Posted on 7 December 2022
Recruiting high-quality applicants in certain subject areas, such as science, technology, engineering and mathematics (STEM), into teacher training is a significant problem in England and other countries around the world. This is often due to undergraduate students in these areas having particular careers in mind related to the subject they are studying, such as jobs in industry or healthcare.
The three-year study aims to build a better understanding of what might attract STEM undergraduates to teaching, and in particular, test online ‘persuasive games’ and online ‘realistic job previews’ in recruitment drives for teachers.
Persuasive games can immerse an applicant in teaching practices and prompt them to use their knowledge to respond to pupils in a virtual classroom, demonstrating to the applicant how their skills can be of value to school learning and what a classroom environment feels like.
In addition to games, online realistic job previews provide videos and text examples of real-life workplace situations and ask applicants to respond to questions on what they might do, followed by feedback from experts that shows how their response compares to experienced teachers, demonstrating their fit to the job.
Both of these recruitment methods are used in other professions, but have not been tested in the education sector before. Realistic job previews are known to be effective because they communicate an honest and believable portrayal of the job so candidates can see if they are a good ‘fit’. Persuasive games can influence how a person views a job and potentially change attitudes by engaging an applicant in a ‘journey’.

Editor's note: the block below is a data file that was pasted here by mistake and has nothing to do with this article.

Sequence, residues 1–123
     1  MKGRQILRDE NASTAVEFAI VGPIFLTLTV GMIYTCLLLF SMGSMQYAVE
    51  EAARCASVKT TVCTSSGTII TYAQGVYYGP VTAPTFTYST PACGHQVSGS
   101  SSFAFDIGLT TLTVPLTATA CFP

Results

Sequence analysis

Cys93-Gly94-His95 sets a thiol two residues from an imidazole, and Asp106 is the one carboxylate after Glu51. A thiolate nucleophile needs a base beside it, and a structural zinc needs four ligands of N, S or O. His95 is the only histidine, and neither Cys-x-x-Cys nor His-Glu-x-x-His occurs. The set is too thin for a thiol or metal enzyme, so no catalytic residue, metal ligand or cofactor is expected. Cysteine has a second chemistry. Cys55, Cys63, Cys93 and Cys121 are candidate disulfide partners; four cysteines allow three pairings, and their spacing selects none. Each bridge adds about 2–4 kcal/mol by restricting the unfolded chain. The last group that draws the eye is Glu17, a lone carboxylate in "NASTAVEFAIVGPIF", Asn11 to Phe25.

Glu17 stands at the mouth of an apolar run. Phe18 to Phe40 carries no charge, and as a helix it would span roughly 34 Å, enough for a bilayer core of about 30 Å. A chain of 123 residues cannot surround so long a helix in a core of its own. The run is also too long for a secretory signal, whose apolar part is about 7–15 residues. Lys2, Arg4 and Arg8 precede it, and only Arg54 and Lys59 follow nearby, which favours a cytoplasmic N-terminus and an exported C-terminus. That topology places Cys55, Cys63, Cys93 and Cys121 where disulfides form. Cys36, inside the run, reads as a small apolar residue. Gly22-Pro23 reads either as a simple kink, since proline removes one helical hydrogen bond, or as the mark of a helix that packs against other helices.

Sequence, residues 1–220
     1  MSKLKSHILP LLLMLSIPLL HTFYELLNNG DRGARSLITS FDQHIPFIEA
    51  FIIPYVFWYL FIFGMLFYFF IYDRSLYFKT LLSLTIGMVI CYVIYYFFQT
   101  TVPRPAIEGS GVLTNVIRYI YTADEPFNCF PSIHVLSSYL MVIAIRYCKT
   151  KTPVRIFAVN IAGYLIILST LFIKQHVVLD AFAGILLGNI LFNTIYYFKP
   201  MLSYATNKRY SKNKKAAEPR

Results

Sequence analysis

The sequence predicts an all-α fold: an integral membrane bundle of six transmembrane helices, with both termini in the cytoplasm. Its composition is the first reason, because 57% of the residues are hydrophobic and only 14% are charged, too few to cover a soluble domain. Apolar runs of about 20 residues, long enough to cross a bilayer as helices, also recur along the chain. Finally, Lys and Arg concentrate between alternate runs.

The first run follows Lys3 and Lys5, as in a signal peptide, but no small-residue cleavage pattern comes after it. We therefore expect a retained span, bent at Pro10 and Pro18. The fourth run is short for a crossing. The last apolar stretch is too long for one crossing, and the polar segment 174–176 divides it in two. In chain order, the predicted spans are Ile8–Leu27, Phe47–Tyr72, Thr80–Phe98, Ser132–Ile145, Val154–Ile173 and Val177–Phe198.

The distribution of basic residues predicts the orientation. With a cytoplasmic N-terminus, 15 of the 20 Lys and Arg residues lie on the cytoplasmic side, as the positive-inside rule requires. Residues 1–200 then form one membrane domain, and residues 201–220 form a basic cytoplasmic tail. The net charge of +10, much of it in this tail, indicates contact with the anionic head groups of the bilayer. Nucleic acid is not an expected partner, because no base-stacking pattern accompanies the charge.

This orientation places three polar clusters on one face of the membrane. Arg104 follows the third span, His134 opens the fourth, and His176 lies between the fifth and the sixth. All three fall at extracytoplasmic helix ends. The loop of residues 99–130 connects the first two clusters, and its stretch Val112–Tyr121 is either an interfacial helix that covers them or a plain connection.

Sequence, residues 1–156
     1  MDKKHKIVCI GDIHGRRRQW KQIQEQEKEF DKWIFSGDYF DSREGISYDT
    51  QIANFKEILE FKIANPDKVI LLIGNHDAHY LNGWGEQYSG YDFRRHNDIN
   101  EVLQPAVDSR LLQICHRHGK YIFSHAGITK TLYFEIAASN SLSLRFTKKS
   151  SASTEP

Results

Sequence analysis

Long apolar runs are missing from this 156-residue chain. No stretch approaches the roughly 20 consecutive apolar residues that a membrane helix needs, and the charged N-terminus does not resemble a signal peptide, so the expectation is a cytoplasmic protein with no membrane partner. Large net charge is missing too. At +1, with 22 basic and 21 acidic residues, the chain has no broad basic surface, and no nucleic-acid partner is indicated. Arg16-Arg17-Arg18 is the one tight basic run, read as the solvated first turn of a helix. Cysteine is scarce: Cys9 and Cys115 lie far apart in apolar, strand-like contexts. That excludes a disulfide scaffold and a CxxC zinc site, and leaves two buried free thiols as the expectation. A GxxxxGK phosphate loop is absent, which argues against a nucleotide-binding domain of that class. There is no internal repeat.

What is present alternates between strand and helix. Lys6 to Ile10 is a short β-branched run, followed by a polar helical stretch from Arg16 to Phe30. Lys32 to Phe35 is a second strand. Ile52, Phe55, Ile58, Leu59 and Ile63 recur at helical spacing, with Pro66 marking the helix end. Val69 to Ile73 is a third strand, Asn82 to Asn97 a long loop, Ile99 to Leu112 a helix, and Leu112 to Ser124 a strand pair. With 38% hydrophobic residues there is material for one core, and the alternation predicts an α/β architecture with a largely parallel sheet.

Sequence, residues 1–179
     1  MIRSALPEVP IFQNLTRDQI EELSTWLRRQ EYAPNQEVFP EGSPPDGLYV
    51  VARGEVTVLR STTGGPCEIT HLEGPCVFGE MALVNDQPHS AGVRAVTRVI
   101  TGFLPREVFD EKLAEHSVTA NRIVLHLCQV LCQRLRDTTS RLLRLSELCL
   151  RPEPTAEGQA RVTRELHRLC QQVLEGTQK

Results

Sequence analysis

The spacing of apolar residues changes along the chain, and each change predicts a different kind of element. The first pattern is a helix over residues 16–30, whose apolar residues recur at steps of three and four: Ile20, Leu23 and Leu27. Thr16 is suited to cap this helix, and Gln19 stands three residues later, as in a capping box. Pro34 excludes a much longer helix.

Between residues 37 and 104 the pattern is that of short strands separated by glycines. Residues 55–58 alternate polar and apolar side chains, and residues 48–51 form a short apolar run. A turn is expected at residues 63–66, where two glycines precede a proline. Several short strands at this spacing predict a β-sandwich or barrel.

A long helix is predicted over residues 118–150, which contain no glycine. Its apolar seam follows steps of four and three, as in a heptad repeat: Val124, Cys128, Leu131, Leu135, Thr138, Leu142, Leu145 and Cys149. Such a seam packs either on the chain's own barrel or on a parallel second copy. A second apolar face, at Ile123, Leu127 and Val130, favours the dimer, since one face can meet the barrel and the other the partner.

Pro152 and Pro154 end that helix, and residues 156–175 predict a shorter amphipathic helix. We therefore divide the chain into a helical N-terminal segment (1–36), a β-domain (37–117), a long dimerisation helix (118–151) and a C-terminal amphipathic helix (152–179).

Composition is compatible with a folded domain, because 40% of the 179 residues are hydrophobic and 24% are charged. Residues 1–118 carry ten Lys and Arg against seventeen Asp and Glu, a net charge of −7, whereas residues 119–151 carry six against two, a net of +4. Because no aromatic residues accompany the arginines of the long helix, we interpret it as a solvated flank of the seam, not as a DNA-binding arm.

Professor and Chair of the University of York’s Psychology in Education Research Centre, Robert Klassen, said: “We know that teaching effectiveness, particularly in STEM subjects at secondary school level, is heavily influenced by the depth of subject knowledge and enthusiasm of the teacher.
“Recruiting people with STEM degrees, however, has been a significant problem for some years and so it is evident that recruitment methods need a different approach. We know from research that if you can demonstrate how well suited a person is to a job and show the value they can add, the more likely they are to apply.
“The traditional advert does not go far enough to ‘hit home’ with STEM graduates, however, who most likely have had other careers in mind when they started their degree. We are testing new technologies that go a step further, placing the candidate in real, albeit virtual, situations that can more realistically show how teaching could be a good match for the skills they have acquired in their degree.”
Once participants have been through one of the recruitment interventions, they will be assessed on whether their attitudes to teaching have changed - their interests, intentions and self-efficacy -, and whether their actual behaviours have changed - did the applicant apply and complete training programmes, and then decide to enter the profession?
Professor Klassen said: “Teacher shortages are the result of a complex mix of political, economic, and social factors, but the methods used for recruitment are one contributing factor. Digital tools may well be the answer to creating attractive messaging targeted at applicants who are the best fit for the job.”
The work, funded by the Economic and Social Research Council’s (ESRC) - part of UK Research and Innovation (UKRI) - Education Research Programme, is in collaboration with colleagues at the University of Durham and the Education University of Hong Kong.
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